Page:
God Bless Washington County where I grew up, the trail is paved from the Allegheny County line to the West Virginia Line. There were no puddles from the heavy rains and the pavement was just about pristine. Beautiful riding surface. Much to my surprise, this trail had some elevation changes if you care to call 879 feet of climbing over 47 miles an elevation change. I doubt any grade exceeded 1.5%, but there were both uphill and downhill sections going both directions.
The reviews of this trail were pretty negative. One complained about the pavement in Washington County and I have to conclude the author was off his meds. I thought it was wonderful. Others complained that it was not very scenic. While there were no tunnels or viaducts or vast expanses to view, it was just a rural ride that I felt was all beautiful all of the time. I saw many deer including a Mama and her fawn and an assortment of other critters.
On my return trip, I stopped in Burgettstown for a late breakfast of pancakes and eggs at the 1709 Main Street restaurant just off the trail. Typical small town diner, good food, courteous country people, and great prices. A couple ladies riding the trail also came in to eat while I was there.
I am sure I will ride the Panhandle Trail again when I am visiting Pops. I can find little to not like about the Panhandle Trail. I ding it one gear as there is no outstanding feature that is a must see, so it gets 9 Gears (on a 10 gear cassette).
I began at the Elm Grove Trailhead on the Wheeling Creek Trail and continued north on the Ohio River Trail until it was under water from the recent heavy rains. I should have been within just a couple miles of the northern most trailhead as I traveled out 17.5 miles. I did not ride the southern portion of the Ohio River Trail choosing to go back to the car when the Wheeling Creek Trail intersected.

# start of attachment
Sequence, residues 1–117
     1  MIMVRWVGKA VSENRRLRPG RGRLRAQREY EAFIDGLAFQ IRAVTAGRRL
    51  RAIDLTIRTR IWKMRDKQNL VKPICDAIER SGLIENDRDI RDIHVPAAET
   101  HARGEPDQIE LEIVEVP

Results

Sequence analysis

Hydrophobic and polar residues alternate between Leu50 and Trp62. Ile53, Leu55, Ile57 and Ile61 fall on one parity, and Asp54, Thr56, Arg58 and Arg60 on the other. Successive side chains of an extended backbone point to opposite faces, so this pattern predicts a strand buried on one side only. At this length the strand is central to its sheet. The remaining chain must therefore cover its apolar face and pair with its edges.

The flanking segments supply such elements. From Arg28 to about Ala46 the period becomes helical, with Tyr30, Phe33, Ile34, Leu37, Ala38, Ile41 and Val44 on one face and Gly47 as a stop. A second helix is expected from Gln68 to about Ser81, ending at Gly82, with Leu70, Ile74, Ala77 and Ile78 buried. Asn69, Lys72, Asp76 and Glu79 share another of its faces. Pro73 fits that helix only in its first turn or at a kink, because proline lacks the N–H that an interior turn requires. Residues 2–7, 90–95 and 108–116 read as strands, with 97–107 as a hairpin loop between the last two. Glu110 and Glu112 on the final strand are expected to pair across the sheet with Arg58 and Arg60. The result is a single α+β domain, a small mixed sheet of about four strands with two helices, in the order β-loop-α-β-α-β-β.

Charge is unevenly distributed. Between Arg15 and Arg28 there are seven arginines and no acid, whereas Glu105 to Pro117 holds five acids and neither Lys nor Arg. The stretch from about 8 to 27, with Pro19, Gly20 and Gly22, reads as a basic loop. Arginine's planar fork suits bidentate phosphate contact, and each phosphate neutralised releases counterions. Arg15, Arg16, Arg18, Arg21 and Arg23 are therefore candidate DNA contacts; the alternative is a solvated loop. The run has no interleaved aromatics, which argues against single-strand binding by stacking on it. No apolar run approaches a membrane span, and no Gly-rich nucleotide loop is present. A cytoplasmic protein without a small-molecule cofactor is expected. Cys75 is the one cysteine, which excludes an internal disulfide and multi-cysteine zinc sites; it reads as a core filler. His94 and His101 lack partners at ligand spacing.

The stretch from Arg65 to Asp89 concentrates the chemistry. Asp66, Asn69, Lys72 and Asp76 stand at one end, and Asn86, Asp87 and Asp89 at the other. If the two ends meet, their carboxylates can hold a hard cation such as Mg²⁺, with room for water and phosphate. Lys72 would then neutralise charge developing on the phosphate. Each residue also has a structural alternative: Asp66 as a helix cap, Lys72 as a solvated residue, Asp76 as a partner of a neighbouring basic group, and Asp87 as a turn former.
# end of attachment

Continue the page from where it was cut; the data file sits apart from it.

The Hempfield Tunnel and Viaduct are amazing. The tunnel was obviously for a mainline as it is wide enough for two sets of railroad tracks. Obviously a train has not passed through the tunnel in many years as a huge branch has grown over the eastern entrance to the tunnel well above cyclists. The tunnel was built in 1904 and made to last as the interior and the facades are lined with brick. Unfortunately taggers have left their mark with graffiti but it could be worse.
The paved surface is in very good shape considering the winters that it suffers. There were some rough areas in the pavement, but very few and that beats gravel!. The trail is completely flat along the Ohio river and it goes from urban in Downtown Wheeling then back and forth between wilderness and industrial. No complaints over a lack of majestic scenery as the river is always nearby. The Pike Island Lock Complex is intriguing.
I rate it 9 gears (based on a 10 speed cassette)
Many rewards here. There's a couples of great swimming holes located within the first mile and a trail loaded with roots and rocks. Glade Creek Falls is a creek wide fall, picnic on top, jump in or swing into. The next two mile the trail leaves the creek and climbs up and down 600 foot. I had to carry my bike at times. The third mile brings the only bridge on the trail and finally levels out and is better kept. Four and half miles in brings you to Kate's Fall, very nice when you have a little H2O. The fifth mile you will go under the highest interstate bridge in the US at 700 foot. Just under a mile to the other trail head you can access by Little Beaver State Park. The turn around trip is mostly down hill.
This trail is actually 80 miles. I'm not sure why it says 77, but my family started at mile marker 80 this July. We road down to mile 75 and back. This part of the trail starts at Cass and has a slight downgrade. It's crushed stone, but the trail is kept up nicely. It also follows the river. Our goal is to keep going back and doing it in sections each year.
TrailLink is a free service provided by Rails-to-Trails Conservancy (a non-profit) and we need your support!